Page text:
Clare West

The changing university library – an interview with Clare West

Clare West (Head of Library Services and University Librarian at Bournemouth University) will be a panellist at Kortext’s summer webinar on 6 July. We spoke to Clare about UCAS’ Journey to a Million, the vital role of academic libraries and the importance of partnerships.

How do you think libraries will need to change to meet the demands of UCAS’ projected increase in student numbers?

A lot depends on whether budgets are going to increase accordingly. I think, across the sector, we’ll have to continue making the most of the resources and the budgets we have.

“It’s going to be about working smarter, doing more with less.”

We’ll need to make sure we’re getting the best value for money with content provision, ensuring we’re using analytics to get to the bottom of what’s being used and how, so we can be as smart as possible in terms of our acquisitions and content development.

If this had happened pre-pandemic, one of the biggest issues would be space. In our libraries we still haven’t seen a return to pre-pandemic levels of occupancy. Even before COVID-19 we were noticing a change in usage, with fewer requests for more spaces and more computers. We’re working with our students to develop our space in terms of quality, rather than quantity.

There’s always that idea of the library as a supportive environment. I think a lot of students like to gravitate towards that and they like to gravitate together towards that. It’s about a sense of belonging and shared experience. We need to make the space really relevant for them, with clear signposting to the support they need. Our goal is to create a vibrant hub, a space where students want to be.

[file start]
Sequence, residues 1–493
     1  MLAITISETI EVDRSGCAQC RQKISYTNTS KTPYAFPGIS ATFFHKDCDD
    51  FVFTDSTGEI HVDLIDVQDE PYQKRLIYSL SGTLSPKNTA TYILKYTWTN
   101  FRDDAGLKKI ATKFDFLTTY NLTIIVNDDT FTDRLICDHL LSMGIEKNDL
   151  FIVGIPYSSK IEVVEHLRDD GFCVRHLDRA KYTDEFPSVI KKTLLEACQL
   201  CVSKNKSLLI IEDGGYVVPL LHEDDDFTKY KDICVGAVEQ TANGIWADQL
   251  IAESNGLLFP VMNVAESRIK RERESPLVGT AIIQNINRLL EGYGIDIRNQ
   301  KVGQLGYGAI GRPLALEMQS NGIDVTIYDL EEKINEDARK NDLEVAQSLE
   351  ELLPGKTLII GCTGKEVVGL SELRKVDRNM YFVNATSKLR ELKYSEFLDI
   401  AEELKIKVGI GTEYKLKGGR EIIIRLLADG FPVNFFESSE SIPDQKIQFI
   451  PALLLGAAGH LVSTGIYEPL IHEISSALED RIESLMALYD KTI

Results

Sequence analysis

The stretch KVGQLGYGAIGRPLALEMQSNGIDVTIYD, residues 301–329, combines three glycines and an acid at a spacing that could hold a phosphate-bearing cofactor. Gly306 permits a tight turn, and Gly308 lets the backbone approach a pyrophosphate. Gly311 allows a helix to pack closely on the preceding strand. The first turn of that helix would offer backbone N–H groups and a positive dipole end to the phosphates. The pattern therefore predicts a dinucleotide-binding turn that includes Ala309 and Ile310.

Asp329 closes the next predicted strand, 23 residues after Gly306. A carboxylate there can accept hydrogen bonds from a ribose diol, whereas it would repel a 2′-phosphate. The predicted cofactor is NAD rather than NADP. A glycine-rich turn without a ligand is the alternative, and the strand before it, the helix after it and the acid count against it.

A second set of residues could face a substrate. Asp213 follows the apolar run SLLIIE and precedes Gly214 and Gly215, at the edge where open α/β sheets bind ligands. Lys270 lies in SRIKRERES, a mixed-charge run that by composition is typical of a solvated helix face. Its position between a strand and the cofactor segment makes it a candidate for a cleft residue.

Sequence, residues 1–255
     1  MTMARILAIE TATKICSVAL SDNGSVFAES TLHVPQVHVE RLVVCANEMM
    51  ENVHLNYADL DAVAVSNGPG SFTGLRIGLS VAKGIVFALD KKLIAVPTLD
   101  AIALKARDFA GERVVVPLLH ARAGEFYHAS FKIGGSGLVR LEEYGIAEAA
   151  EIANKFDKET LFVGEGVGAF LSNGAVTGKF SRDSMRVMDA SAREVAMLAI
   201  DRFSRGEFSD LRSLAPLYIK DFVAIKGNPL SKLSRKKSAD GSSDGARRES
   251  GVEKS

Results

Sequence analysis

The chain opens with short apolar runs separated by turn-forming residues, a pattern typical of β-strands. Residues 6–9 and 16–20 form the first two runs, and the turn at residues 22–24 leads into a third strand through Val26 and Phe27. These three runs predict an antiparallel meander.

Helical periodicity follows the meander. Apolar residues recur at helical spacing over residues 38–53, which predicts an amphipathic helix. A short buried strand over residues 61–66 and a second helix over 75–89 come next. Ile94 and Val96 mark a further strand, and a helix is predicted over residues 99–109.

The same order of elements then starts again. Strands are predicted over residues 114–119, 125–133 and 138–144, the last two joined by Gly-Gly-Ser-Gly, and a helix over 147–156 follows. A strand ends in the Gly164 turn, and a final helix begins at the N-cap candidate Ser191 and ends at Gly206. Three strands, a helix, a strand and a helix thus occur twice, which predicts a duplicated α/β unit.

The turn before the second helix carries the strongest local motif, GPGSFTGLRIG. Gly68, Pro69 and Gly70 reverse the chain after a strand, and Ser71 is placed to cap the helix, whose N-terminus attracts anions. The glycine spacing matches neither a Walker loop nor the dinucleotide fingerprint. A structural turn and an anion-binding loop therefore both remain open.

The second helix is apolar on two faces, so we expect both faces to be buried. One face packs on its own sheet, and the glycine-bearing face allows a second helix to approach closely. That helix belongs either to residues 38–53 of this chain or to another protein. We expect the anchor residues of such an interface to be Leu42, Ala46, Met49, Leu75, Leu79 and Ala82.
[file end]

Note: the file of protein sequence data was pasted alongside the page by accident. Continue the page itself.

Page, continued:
Currently students access learning resources using multiple platforms and interfaces. How can libraries deliver the streamlined, user-friendly learning experience that students want? What role can edtech providers play?

I think we need to see this in terms of partnership. Libraries, institutions and providers working in a positive way together. We also need to include faculties and students in the conversation. There should be a parity of voices across the collaboration with all stakeholders.

“It’s about better communication, better collaboration and a more concerted effort towards a partnership approach.”

We’re all trying to make the student journey as straightforward as possible, but we’re not doing it in an holistic way. We might adopt a solution that’s going to improve one part of the journey – that’s great and we need that to move forward – but to streamline the whole process, there has to be a more holistic approach.

We’ve held some focus groups recently with students because we’re developing a new academic skills hub. It’s been really interesting listening to their feedback. One of the things they’ve said is that they don’t have the capacity to be visiting lots of different places.

They see the VLE as the place they have to go. We asked what’s the best way to reach them and they said ‘use the places we have to go’. However, it’s not about bolting everything on to the VLE, but creating a seamless journey for students though the VLE to learning resources.

There are concerns in universities about students using AI tools, such as ChatGPT, to write assignments. How can libraries help institutions navigate issues around academic integrity and harness the potential benefits of AI?